November 10, 2010

"Statistics for the Past Millennium" (Tomorrow at the Statistics Seminar)

This should be interesting:

Julien Emile-Geay, "Statistics for the Past Millennium"
Abstract: In 1998, a seminal study by Mann, Bradley, and Hughes took advantage of climate signals embedded in an array of high-resolution paleoclimate proxy data to conclude that "Northern Hemisphere mean annual temperatures for three of the past eight years are warmer than any other year since (at least) AD 1400." The so-called "hockey stick" reconstruction showed relatively stable temperatures for most of the millennium, until the start of the Industrial Revolution, when reconstructed temperatures began a rise to a level not seen in the last millennium.
Since 2001, when the third assessment report by the IPCC featured the "hockey stick" prominently, this graph has become the emblem of the debate on anthropogenic global warming. No other picture conveys how anomalous recent climate change is in the context of natural variations in temperature over the past millennium. Defended as definitive proof of global warming by many climate scientists and sympathetic members of the public, hailed as a "misguided and illegitimate investigation" by some politicians, it remains one of the most hotly debated climate studies ever published. After a congressional inquiry was conducted under the aegis of the respectable Dr. Wegman, most statisticians are now convinced that the "hockey stick" is a fluke due to the overfitting of noisy data.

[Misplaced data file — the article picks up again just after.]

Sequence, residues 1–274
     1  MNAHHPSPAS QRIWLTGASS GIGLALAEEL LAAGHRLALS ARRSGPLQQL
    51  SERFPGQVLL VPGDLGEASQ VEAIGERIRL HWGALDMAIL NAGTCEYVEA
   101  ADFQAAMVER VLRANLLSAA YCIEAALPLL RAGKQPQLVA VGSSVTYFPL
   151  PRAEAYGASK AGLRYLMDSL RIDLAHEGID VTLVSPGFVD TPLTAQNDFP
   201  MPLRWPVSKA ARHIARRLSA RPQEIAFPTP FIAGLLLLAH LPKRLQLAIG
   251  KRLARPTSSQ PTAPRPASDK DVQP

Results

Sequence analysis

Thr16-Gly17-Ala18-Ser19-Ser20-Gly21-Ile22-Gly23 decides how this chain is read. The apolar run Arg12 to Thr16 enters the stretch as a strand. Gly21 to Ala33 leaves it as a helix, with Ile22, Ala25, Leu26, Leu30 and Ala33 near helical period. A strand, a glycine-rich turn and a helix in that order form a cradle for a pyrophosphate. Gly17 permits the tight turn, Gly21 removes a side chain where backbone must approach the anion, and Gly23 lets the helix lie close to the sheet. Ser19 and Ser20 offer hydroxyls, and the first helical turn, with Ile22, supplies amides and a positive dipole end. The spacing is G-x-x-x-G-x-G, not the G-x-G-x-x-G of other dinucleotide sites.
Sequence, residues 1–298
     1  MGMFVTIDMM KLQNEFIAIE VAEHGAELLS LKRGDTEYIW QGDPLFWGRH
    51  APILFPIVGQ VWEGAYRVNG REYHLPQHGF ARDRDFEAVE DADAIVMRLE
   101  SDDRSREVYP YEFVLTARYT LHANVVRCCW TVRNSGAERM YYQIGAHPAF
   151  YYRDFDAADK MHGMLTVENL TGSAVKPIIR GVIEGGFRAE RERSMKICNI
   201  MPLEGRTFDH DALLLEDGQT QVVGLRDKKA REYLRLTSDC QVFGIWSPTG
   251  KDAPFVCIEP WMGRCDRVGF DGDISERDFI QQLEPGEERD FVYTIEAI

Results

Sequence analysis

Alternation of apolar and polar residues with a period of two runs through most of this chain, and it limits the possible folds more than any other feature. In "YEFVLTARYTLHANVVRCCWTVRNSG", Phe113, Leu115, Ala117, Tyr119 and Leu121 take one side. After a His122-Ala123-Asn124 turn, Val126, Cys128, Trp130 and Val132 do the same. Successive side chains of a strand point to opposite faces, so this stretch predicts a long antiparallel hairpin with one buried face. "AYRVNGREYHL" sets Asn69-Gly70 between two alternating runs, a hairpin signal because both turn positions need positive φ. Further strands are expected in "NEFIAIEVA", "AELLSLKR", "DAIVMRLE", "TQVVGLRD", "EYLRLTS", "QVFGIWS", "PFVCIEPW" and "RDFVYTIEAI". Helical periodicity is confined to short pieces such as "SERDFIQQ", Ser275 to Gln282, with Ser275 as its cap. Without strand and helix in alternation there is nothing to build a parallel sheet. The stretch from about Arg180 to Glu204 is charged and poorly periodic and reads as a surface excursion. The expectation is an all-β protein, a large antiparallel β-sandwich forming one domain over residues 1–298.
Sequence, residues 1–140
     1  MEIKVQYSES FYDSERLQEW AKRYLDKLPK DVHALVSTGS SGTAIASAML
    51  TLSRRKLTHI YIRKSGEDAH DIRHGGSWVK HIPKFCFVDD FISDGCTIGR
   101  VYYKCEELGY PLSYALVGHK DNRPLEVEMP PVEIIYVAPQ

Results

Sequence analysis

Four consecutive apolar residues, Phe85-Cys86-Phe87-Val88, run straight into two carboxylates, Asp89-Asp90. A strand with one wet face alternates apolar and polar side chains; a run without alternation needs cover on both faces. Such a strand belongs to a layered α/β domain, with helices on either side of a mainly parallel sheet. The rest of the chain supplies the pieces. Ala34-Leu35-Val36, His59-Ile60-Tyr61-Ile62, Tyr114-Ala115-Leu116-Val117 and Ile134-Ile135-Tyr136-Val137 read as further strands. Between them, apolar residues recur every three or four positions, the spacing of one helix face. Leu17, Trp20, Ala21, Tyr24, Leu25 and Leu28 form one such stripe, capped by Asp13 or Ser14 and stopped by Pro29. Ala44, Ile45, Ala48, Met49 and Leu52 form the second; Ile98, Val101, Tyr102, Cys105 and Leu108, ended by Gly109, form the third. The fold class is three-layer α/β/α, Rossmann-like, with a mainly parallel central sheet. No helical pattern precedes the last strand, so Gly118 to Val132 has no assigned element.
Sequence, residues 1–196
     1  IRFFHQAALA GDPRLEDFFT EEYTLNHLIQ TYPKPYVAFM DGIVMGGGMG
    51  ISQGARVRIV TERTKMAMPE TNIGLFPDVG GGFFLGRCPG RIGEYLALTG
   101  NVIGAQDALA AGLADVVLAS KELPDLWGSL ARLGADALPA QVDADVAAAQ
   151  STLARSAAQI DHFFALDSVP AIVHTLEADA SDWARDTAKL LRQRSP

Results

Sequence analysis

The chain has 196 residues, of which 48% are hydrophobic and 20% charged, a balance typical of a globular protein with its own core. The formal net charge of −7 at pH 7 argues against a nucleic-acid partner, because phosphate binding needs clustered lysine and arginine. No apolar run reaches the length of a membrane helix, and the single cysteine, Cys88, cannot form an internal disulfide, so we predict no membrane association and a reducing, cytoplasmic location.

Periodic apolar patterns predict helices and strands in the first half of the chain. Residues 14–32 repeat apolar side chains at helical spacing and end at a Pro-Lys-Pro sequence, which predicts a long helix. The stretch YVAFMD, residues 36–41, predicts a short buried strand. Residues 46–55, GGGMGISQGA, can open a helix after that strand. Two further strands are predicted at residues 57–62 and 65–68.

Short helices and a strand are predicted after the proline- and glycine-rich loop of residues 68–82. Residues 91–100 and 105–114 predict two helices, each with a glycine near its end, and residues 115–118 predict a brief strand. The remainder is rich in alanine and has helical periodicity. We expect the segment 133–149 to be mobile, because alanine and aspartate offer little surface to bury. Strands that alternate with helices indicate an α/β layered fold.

Have paleoclimatologists been wasting their time all along? In this talk, I will describe the most recent statistical methods used by climate scientists to reconstruct past climates; explain how their performance can be assessed in a realistic geophysical context; show that some climate scientists are, in fact, working hand-in-hand with professional statisticians, with some promising results.
Time and place: 4:30--5:30 pm on Thursday, 11 November 2010, in the Adamson Wing of Baker Hall (entry through 136)

As always, the seminar is free and open to the public, but I should probably add, considering the topic, that if you come and talk like a crazy person you will be ignored and/or mocked and rebuked.

Enigmas of Chance

Posted at November 10, 2010 11:00 | permanent link

Three-Toed Sloth